Defenders of the show claim that “it’s all in fun,” and that facts reported on the show should be taken with a grain of salt.
Critics, such as those noted above, feel as though the show’s testosterone-laden premise seems intent on seeing the emerging electric car market fail.
So who’s right?
It’s difficult to say. The show itself plays heavily on the fantasies of its audience: Most consumers will never know what it’s like to be behind the wheel of a Ferrari Enzo. And at the same time, the show itself appeals to an extremely niche segment of the market: the well-informed car enthusiast.
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The Nissan LEAF targets eco- and pocket-conscious consumers, a decidedly different segment of market. As history would demonstrate, there’s little trickle down from world class racing technology to consumer vehicles.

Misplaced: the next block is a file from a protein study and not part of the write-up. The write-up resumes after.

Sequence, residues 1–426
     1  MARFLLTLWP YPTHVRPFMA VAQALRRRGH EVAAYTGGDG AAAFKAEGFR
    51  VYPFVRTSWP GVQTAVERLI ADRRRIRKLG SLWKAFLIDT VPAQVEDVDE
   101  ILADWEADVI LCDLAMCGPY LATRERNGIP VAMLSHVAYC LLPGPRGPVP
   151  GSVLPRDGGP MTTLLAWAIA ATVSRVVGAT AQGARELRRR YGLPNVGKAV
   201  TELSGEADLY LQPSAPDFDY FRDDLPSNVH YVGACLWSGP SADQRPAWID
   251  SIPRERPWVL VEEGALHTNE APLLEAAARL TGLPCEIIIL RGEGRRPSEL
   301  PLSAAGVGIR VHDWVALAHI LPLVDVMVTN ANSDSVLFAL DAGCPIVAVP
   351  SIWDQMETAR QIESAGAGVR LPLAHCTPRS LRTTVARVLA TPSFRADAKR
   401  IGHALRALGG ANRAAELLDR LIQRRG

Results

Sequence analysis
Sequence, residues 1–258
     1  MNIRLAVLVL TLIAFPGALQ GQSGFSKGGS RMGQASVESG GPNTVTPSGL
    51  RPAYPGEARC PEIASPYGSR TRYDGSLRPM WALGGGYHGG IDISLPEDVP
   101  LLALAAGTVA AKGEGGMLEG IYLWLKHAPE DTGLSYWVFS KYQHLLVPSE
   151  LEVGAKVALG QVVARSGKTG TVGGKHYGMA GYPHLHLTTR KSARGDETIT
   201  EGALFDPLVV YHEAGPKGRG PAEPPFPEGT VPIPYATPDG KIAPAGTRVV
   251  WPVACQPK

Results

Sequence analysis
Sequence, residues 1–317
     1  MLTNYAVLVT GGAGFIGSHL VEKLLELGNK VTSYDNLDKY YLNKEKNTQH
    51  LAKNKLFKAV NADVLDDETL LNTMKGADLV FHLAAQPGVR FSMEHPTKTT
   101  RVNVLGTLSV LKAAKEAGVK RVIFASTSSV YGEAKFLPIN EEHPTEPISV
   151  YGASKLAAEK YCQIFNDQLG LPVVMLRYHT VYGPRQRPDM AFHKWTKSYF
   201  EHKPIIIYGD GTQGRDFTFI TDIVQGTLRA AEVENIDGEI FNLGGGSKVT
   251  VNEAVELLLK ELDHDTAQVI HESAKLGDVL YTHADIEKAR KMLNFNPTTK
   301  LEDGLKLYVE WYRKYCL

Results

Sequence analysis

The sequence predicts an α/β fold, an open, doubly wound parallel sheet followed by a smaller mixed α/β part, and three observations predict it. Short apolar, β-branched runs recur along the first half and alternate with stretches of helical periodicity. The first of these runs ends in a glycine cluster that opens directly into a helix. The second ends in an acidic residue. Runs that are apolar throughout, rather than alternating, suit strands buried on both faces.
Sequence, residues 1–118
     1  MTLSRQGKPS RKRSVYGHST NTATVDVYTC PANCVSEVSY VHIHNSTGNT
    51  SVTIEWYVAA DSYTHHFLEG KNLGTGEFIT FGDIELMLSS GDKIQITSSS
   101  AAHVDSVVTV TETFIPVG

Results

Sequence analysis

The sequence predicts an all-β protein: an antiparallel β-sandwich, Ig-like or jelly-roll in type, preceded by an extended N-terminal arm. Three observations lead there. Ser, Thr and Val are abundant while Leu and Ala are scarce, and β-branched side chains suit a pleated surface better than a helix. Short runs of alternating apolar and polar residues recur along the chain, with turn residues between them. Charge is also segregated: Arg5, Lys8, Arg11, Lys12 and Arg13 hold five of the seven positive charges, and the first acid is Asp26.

Racing buffs would hold that gasoline-powered vehicles are instrumental to carry on the sport’s tradition (perhaps none clearer than the push back stemming from F1’s announcement of an imminent switch to electric vehicles in 2014). It’s a philosophy that’d seemingly go hand-in-hand with the type of thrill Top Gear propagates.
Still, this much is clear: The needs of the consumer market (passenger safety, fuel economy, etc.) have little overlap with what racing enthusiasts want (speed, power, etc.), and it seems unlikely that the show would have any discerning interest in dictating what consumers purchase.
But can Top Gear kill consumer desire for the electric car? It’s unlikely they’d be able to, and there’s no data to suggest that the show—despite its massive audience—has any hold over the buying patterns of its audience the way Oprah would with her book club. Cars are an expensive purchasing decision, one for which most consumers would certainly conduct extensive homework.
In a way, to me it seems that asking Top Gear to stop making fun of electric vehicles is kind of like asking Playboy to tone down on the naked women. Could a non-Playboy reader come across a magazine and find it offensive? Possibly. But most Playboy readers don’t turn to the magazine explicitly for the articles, and similarly, Top Gear fans don’t watch the show for escapist lessons in modesty.
And neither should car buyers.